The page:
If You're Really Different Than Your Boyfriend Or Girlfriend, Here's How It Could Affect Your Relationship

When I was in my last relationship, one of the things that was a big difference between my partner and I was that I am a big planner and he is not. And one important lesson I learned from that relationship is if you're really different than your boyfriend or girlfriend, you learn to adjust and compromise if you want to make the relationship successful. In that partnership (and this still rings true to this day), I had things planned out weeks — sometimes months — in advance. When he spontaneously wanted to take a midnight stroll through downtown Manhattan or explore Brooklyn during finals week to take a break from studying, I had to become comfortable with the discomfort to be adventurous and spontaneous with him. And he had to respect that we sometimes needed to plan things in advance — due to both my personal preference and also our packed school schedules.

This isn't the only thing that could be a major difference in a relationship. Things like different communication styles, food preferences, and upbringings can determine how you are in a relationship and can be a tool to learn together or apart. I reached out to other women to see what their biggest difference is with their partner, and how they deal with it. Read on to see their stories.

Culture Shock

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Something that could be a big culture shock in a relationship is if each person grew up in different countries.

"I often have to be a sort of translator of culture for him," Kayla*, 22, told Elite Daily about her boyfriend, who is from Albania. "In the way that things I experience growing up do not make sense so I have to explain. Playing things like heads up is difficult for us. In the same way he grew up in a different culture that he needs to explain to me what certain things effect him differently because of where he is from. Many times, this [led] us to fight a lot, especially at the beginning of our relationship."

Kayla grew up with a single mother, while her partner grew up with two parents in his life. Kayla was raised Catholic, while her partner was raised Muslim. Her boyfriend knows five languages, while she knows one, English.

"But despite the differences, the shared values is why we are still together," she says. "Plus the differences [are] something new that I get to learn about and same with him."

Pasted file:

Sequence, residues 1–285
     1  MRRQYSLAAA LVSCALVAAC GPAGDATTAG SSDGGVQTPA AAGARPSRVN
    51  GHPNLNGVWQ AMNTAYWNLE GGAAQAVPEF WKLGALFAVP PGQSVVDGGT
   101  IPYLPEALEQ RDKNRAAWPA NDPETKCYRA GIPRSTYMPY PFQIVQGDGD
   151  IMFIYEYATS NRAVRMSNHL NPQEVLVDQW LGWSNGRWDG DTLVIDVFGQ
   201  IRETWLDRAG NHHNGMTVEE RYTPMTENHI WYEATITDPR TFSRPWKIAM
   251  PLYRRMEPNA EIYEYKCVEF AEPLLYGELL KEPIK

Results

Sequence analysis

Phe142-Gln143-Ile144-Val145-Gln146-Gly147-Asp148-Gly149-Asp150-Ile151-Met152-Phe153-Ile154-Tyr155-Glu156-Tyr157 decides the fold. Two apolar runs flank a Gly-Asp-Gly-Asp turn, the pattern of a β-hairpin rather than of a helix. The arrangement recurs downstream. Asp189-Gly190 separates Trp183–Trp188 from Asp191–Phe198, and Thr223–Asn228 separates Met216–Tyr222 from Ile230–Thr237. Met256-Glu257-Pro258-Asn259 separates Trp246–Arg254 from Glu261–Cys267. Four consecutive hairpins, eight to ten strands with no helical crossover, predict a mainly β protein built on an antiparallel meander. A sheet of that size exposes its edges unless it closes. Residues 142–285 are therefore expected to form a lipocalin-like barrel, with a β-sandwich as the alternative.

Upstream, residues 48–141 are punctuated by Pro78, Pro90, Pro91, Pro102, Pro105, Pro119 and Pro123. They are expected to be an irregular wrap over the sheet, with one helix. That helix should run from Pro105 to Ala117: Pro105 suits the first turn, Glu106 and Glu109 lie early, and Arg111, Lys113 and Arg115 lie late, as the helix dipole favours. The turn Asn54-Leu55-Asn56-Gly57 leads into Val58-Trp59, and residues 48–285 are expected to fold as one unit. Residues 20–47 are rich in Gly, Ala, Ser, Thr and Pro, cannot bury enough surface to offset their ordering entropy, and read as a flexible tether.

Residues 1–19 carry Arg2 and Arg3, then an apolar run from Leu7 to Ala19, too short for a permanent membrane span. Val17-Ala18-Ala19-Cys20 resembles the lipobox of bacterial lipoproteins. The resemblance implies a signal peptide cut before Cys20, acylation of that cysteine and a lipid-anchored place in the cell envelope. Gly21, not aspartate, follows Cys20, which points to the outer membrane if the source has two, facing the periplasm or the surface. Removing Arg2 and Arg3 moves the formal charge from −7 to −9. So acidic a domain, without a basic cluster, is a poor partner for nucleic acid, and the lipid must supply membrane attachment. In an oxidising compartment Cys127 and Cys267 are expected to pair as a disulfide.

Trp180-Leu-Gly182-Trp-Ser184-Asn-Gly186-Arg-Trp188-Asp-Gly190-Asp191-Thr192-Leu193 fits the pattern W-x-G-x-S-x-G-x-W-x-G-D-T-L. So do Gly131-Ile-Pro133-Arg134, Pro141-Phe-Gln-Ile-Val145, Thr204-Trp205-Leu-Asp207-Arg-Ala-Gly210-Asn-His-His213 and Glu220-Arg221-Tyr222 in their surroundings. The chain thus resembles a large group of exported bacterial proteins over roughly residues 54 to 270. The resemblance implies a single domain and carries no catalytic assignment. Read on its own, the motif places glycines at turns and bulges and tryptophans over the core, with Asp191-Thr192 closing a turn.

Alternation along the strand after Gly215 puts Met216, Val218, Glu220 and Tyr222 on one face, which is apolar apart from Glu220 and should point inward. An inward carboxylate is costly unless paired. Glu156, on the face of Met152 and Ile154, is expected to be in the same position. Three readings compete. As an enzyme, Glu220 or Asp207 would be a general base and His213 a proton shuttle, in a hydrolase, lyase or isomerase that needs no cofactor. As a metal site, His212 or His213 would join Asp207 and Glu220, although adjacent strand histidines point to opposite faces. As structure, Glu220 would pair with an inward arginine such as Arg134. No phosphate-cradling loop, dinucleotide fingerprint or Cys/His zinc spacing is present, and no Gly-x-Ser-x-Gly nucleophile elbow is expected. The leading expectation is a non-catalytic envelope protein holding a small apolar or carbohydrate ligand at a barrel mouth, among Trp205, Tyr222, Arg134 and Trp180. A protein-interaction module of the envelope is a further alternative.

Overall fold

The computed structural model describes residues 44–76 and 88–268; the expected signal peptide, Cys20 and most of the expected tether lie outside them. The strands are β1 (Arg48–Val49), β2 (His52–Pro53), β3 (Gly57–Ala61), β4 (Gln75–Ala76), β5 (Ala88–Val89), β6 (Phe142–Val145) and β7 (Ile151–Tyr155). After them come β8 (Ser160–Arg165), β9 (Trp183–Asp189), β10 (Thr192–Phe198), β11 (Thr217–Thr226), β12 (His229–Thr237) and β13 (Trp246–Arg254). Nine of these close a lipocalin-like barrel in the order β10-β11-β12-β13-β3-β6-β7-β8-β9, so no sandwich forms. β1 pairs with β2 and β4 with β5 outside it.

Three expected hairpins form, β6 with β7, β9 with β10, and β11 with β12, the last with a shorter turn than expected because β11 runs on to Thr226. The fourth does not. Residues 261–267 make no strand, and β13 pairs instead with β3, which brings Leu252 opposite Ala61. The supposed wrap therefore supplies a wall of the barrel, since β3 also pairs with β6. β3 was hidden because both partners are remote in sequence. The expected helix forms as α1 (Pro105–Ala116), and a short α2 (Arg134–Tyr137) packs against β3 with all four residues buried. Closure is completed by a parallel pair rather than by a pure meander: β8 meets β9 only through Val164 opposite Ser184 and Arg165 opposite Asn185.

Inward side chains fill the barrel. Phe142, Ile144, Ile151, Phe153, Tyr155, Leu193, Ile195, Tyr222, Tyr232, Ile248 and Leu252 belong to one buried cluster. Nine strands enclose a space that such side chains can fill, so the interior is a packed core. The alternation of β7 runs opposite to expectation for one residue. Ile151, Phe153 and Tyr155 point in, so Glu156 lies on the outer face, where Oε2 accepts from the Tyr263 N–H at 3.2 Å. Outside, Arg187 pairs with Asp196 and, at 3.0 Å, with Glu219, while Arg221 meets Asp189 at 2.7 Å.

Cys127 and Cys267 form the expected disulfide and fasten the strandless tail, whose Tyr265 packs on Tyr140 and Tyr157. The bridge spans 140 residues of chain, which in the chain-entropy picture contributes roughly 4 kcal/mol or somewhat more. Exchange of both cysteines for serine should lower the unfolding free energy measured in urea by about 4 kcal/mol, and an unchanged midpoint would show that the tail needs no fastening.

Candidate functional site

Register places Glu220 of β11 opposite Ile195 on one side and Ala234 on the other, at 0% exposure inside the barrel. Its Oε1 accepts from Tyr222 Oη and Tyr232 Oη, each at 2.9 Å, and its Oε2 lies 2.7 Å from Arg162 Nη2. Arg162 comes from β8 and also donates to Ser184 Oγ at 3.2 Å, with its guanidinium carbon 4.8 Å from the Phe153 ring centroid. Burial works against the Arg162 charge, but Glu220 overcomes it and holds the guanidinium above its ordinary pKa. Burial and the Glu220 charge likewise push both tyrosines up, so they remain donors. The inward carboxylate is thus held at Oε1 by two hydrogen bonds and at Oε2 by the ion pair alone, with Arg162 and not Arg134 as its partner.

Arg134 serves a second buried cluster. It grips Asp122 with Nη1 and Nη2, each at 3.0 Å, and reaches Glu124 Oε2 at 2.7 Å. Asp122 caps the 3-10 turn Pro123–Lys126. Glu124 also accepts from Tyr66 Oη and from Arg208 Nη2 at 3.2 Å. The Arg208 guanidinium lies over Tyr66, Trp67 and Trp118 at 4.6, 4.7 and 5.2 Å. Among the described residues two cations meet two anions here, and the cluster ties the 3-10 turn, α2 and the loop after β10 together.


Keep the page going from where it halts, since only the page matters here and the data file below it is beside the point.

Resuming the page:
Love Languages

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The biggest difference between Keshia, 26, and her boyfriend is their love languages. Keshia describes hers as words of affirmation and physical touch, while her partner's are acts of service and quality time.

"It's taken us a good chunk of time to figure out how to incorporate each other's language but I'm glad we did," Keshia tells Elite Daily. "We had a conversation about it and he simply stated that for him being in the same vicinity as me and spending time with me was enough for him. He didn't know that that wasn't he same for me. All it took was having that conversation for both of us to try and incorporate our languages into our relationship. That's not to say it wasn't hard work (because it was!), but it did take both of us learning to be more mindful of each other. Now, when we sit on the couch, he sits closer and tends to be more cuddly, and I tend to do little things around his house such as straightening up and making the bed, which he really appreciates!"

TV Habits

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Many couples enjoy watching TV shows together. But if you have different watching habits, like how many episodes you like to watch in a day, that could be difficult.

"I love binge-watching shows (like [I] finish most seasons in a day) and it’s a miracle if [my boyfriend] will watch more than one episode of something in a day," Chelsea, 26, tells Elite Daily. "Yet, he insists on making me wait to watch almost every show with him. Currently, we’re watching like 12 shows. And I’m painstakingly unable to binge any of them, but especially The Americans right now, which is literally killing me."

Family Dynamics

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Michelle, 27, and her boyfriend had different upbringings. Michelle grew up with two sisters and a brother, while her boyfriend has a brother and a sister.

"The dynamics are so different," Michelle tells Elite Daily. "My sisters and I are strong and passionate ([and] a bit loud, TBH) while he and his siblings grew up pretty chill and not as close-knit as I [was] with my sisters. [My sisters and I are] even thinking of getting a sister tattoo together! I didn't actually realized the difference until we moved in together."

Michelle says that acknowledging their different upbringings allows her to recognize her partner's perspective better.

"Obviously, it took some time for us to realize this," she says. "After numerous talks during our relationship of four years, we've come to [realize] what kind of family we want and [an] idea of how we want to raise our children. We can't control the gender of our future children or how many (for the most part) we will have. But this realization helps us work on the values and habits now that we would like to encourage and have when we raise a family."

Differences in a relationship don't have to be a bad thing. They can help you learn more about your partner and yourself, and make you stronger as a couple and as individuals.

*Name has been changed at the source's request due to privacy.